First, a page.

To better understand the value community colleges provide to individuals and communities, we need to acknowledge the range of needs they serve.
A wide range of experiences prepare students for success beyond the completion of their college degree. The evidence for the value of interning on students' future careers is strong.
In an era of student enrollment declines, tight labor markets, rising college costs, and a growing lack of confidence in the value of a postsecondary education, community colleges and employers have ample reasons to partner together.
Partnerships between community colleges and employers have the opportunity to address local and regional economic needs through a range of tools, including supporting student success through resources and services, integrating work-based learning, and building career pathways.
The list of benefits associated with earning a college degree is extensive and oft-repeated. It includes higher average lifetime earnings, employment security, greater self-esteem, and better health, among many others.
Amid all of this disruption, the number of U.S. workers leaving or changing their jobs sharply increased. Known variously as the Great Resignation, Reshuffle, or Realignment, the trend has been cast in the cultural imagination as a collective desire on the part of the American workforce for more rewarding or meaningful work.
Over the past 80 years, our nation has made great strides in improving access to college, and then ensuring that many more students could complete a college degree.
Spring 2022 enrollment numbers from the National Student Clearinghouse reveal a fifth straight semester of enrollment declines, with more than 1 million fewer students enrolled compared to spring 2020
Higher education’s measurement of student success is in the midst of an evolution. For nearly five decades, success efforts focused on access, then two decades with completion as the horizon for success, and now the focus is extending to student outcomes beyond completion.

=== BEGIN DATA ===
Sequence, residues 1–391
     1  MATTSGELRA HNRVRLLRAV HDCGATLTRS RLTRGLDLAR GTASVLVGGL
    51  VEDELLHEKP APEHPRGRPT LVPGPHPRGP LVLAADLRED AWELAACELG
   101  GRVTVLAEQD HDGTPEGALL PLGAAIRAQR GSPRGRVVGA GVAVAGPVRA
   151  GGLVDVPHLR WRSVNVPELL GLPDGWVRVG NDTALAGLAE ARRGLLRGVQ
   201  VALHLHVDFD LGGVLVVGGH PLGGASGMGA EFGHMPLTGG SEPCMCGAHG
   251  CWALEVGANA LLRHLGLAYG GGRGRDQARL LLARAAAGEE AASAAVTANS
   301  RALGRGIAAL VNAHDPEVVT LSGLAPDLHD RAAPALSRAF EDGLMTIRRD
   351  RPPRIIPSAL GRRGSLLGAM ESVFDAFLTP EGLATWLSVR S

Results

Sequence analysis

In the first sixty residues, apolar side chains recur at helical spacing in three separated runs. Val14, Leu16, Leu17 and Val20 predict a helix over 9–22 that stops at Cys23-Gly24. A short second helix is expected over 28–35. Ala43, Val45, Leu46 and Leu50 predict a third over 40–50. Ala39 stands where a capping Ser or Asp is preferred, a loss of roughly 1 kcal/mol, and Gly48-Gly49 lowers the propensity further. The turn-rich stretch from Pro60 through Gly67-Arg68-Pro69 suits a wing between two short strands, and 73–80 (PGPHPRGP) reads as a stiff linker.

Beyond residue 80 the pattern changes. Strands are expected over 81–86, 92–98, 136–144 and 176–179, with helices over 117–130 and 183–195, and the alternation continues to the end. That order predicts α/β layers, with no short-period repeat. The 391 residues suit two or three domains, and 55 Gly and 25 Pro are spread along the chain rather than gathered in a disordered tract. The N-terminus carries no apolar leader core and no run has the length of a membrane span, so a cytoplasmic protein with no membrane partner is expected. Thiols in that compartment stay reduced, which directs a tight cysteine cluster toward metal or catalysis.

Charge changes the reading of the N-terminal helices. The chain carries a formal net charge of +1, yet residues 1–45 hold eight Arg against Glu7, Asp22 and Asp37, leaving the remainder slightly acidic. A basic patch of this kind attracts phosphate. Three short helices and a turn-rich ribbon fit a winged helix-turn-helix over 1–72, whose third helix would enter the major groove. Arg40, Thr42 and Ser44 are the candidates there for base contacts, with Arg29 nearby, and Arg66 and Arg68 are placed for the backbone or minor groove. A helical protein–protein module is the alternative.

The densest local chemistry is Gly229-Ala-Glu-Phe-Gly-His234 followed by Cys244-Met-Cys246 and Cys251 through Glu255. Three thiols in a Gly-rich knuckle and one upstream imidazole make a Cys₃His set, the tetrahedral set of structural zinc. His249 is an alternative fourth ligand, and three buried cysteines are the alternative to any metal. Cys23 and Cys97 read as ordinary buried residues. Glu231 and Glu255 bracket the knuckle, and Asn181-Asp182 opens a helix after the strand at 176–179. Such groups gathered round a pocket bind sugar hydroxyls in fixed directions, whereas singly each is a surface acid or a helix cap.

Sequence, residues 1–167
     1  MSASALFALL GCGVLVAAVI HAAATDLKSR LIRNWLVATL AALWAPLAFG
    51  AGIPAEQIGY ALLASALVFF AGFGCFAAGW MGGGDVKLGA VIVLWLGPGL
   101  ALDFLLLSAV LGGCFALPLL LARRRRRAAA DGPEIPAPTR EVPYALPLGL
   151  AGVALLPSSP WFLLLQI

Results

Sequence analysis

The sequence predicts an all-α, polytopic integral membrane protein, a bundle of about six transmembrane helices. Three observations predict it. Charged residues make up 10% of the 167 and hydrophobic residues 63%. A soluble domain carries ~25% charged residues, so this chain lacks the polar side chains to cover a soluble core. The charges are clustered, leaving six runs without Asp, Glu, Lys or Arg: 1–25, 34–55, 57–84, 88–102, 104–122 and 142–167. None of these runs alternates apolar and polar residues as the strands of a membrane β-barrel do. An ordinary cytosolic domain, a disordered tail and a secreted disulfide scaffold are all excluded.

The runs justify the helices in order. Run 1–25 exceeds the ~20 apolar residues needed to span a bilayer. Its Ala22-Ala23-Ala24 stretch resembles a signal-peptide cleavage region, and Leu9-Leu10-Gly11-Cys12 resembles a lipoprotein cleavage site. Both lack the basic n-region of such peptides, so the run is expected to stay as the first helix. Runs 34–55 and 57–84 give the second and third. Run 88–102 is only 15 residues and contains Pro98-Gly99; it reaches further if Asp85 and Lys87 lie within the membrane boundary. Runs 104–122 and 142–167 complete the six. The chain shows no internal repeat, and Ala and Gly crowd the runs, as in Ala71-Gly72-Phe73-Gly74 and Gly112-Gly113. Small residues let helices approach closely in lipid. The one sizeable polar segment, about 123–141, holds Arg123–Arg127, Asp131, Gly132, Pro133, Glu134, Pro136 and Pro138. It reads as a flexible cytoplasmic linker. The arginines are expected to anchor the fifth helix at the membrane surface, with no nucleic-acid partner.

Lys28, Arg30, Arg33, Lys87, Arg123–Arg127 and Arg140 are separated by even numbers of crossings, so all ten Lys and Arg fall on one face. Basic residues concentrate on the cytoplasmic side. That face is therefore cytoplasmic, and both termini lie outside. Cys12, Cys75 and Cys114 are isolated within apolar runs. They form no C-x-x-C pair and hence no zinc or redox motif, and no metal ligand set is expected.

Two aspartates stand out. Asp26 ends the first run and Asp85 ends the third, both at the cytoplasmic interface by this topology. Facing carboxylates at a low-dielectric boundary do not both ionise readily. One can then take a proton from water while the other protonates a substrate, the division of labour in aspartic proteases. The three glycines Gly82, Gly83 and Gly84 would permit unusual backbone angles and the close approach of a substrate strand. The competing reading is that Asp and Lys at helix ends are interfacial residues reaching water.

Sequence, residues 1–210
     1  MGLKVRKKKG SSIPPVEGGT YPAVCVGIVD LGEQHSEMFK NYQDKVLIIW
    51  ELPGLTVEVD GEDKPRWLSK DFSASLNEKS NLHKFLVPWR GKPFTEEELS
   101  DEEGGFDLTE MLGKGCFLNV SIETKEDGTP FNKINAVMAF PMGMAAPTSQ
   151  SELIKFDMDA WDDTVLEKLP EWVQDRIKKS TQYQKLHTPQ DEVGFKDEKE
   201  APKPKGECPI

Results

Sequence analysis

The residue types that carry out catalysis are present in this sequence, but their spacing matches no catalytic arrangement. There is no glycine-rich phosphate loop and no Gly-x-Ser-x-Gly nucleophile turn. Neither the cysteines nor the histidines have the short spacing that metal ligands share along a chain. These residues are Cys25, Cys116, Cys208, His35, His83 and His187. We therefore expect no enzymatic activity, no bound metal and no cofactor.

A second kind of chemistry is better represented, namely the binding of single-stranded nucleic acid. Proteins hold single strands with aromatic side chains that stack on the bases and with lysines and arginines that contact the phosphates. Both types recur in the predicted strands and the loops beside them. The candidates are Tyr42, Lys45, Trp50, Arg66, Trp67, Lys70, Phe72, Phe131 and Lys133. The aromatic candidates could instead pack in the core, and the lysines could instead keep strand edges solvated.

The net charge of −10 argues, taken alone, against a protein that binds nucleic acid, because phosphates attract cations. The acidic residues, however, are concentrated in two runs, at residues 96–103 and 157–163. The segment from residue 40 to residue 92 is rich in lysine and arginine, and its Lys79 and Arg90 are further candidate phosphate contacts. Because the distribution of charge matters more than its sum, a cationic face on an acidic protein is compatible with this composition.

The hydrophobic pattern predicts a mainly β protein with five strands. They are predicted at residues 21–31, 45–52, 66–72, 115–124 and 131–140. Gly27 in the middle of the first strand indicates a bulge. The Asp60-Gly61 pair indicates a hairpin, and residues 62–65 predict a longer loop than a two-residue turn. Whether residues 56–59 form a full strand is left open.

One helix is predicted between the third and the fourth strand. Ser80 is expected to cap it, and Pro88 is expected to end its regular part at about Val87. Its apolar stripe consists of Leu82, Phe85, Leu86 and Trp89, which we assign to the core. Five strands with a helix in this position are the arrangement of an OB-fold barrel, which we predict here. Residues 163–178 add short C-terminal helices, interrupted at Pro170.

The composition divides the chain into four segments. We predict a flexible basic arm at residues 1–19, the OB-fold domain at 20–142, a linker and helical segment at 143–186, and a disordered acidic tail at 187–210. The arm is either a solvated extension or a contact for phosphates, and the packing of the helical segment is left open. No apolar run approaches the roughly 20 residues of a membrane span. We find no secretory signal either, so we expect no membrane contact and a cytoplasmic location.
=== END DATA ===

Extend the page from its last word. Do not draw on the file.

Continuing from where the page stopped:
Applied connections between education and work are increasingly a part of undergraduate education in the United States.
Two centuries after the first historically Black colleges and universities were founded, the 101 accredited HBCUs in operation today continue to deliver on their legacy of expanding educational opportunity for Black students that leads to successful and fulfilling lives.
As a field, higher education has experienced a continuing evolution in how to measure success. For nearly five decades success efforts were focused on access, followed by the past decade and a half pursuing completion, and the field now has a growing focus on the value of a degree and student outcomes beyond completion.
Strada’s prior research on undergraduate perceptions of the value of their education demonstrates that students value their education most when they receive support to connect their education and career interests.
In the wake of historic pandemic-related enrollment declines, postsecondary institutions have responded by developing and expanding innovative approaches to engaging learners.
The baccalaureate degree remains the surest path to economic mobility, employment stability, and a host of associated social benefits.
Steep declines in undergraduate enrollment during 2020 and 2021 threaten to widen existing equity gaps in college completion and career opportunities.
Nondegree credentials have been growing rapidly for decades. During the COVID-19 economic crisis, interest in nondegree credentials and skills training options was especially high. Questions about their quality and value, however, remain.
The high school classes of 2020 and 2021 have endured massive disruption to their education.
From its onset in early 2020, the Coronavirus (COVID-19) pandemic has upended life across the world, leading to uncertainty around health, work, finances, education, and a host of other issues.
The pandemic has led to a national crisis of widespread disruption to both work and education for millions of adults in the U.S., especially those from historically marginalized groups.
We asked alumni nationwide who had borrowed money to go to school if their loans were worth it. Strada Education Network and Gallup surveyed a nationally representative sample of more than 6,000 student loan holders.
Our mission is to improve lives by forging clearer and more purposeful pathways between education and employment.
How Intermediaries Can Connect Education and Work in a Postpandemic World